Three Things Leaders Must Do to Retain Top Talent
By Jeff Herzog, President of FPC National
As the Great Resignation continues to reshape the workforce in the United States, companies are struggling to replenish their teams with high performers, leaving them woefully shorthanded and unable to meet the day-to-day demands of their businesses.
While some of the defections are due to changing employee priorities, others are a direct result of the failure of leadership to create an environment that promotes long-term loyalty and retention. As Marcus Cunningham said, “People leave managers, not companies.”
The good news is that by adopting a new approach to leadership, companies can not only attract high-quality employees, but they can also slow or stop the resignation of key personnel. Here are three sure-fire ways leaders can promote long-term retention:
Focus on Relationships
The quality of workplace relationships is one of the leading factors that dictate job satisfaction and retention. When employees have healthy relationships with their coworkers, they are more engaged, productive, satisfied, and loyal. While friendships often form organically at work, it’s important for leaders to develop a culture that promotes teamwork over competition, collaboration over silos, and open communication over secrecy.
This is especially important in hybrid and remote working environments, as opportunities to bond, build friendships, and share positive interactions around the water cooler have diminished significantly. While communication and collaboration are more challenging when working from home, leaders must still find ways to foster cohesiveness and maintain culture.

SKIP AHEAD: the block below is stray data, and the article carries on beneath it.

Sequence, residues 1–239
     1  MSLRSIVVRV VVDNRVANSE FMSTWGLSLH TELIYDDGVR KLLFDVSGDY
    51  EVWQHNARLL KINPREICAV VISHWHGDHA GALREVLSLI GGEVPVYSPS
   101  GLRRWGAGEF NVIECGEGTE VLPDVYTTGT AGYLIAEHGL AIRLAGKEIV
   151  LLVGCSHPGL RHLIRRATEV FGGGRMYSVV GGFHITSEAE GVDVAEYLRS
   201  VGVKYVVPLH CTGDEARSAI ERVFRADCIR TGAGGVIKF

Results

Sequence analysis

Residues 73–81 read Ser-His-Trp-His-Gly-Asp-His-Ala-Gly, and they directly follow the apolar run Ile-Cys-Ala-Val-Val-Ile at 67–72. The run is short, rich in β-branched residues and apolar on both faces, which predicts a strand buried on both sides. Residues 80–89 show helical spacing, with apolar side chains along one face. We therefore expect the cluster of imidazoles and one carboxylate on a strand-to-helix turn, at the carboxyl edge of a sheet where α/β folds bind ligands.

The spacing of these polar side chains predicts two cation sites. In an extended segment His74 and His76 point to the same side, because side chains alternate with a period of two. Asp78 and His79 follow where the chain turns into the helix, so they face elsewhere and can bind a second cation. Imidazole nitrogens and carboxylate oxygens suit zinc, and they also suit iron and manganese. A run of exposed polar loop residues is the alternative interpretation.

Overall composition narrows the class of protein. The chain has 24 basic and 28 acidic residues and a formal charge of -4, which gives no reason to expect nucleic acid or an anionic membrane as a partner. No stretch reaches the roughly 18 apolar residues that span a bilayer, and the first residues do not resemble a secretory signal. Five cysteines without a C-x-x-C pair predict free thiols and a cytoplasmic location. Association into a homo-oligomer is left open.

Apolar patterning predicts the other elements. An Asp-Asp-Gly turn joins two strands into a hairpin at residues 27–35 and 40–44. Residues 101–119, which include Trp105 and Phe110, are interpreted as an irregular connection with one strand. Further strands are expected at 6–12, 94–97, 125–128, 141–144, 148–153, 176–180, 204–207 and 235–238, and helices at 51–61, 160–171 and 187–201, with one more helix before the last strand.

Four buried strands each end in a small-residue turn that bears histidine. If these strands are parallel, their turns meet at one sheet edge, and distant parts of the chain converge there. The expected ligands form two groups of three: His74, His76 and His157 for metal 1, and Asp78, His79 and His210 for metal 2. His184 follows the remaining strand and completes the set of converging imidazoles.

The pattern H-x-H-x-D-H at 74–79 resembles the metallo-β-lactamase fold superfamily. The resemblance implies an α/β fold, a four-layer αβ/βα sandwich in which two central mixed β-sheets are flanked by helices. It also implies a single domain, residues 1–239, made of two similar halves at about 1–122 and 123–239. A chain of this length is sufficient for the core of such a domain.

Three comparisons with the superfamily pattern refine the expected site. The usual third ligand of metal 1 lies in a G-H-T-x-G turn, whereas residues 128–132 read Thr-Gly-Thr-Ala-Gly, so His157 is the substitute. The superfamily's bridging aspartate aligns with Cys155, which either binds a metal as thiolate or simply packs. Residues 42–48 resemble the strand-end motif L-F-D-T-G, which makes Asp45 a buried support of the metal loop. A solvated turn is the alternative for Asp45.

Focus on Well-Being
The pandemic has exacerbated issues that have been brewing for many years. Many employees feel they are overworked and undervalued, which results in increased levels of stress and anxiety in the workplace. Leaders who check in regularly with their employees and inquire about their well-being are more likely to identify and address issues before they become problematic.
It is important for employees to feel that they can approach their managers about mental health concerns without fear of being penalized or ridiculed. Sometimes slight adjustments in work schedules, processes, or deliverables can result in less burnout and greater overall job satisfaction.
When was the last time you stopped by an employee’s desk or sent a private message on Slack just to say, “How’s it going?” That simple question can go a long way in making a stronger connection and fostering retention.
Focus on Personal and Professional Growth
When employees feel that they are continuing to learn, grow, and evolve in their jobs, they have a greater sense of excitement and joy at work. Offering ample opportunities for professional development, new skill development, and job-related certifications is an effective way for leaders to keep employees engaged and interested at work. It also demonstrates that the company has an active interest in promoting continuous career growth while empowering employees to advance their skills and their value.
In addition, when leaders create opportunities for employees to pursue their individual passions, they are building an environment that leads to personal satisfaction, which goes a long way in keeping employees happy, engaged, and productive.
Following the steps above can help your company optimize loyalty and avoid the fallout from the Great Resignation.
Focus on Recruiting
The process of promoting employee retention begins with the recruiting process. When your company starts off on the right foot and hires the perfect fit, you are setting the stage for a long and mutually beneficial relationship.
With expertise in securing top talent for companies in diverse specialties, FPC has been helping organizations built powerful, loyal workforces for more than 60 years. Reach out to your local FPC office today and see how we can help find your perfect match.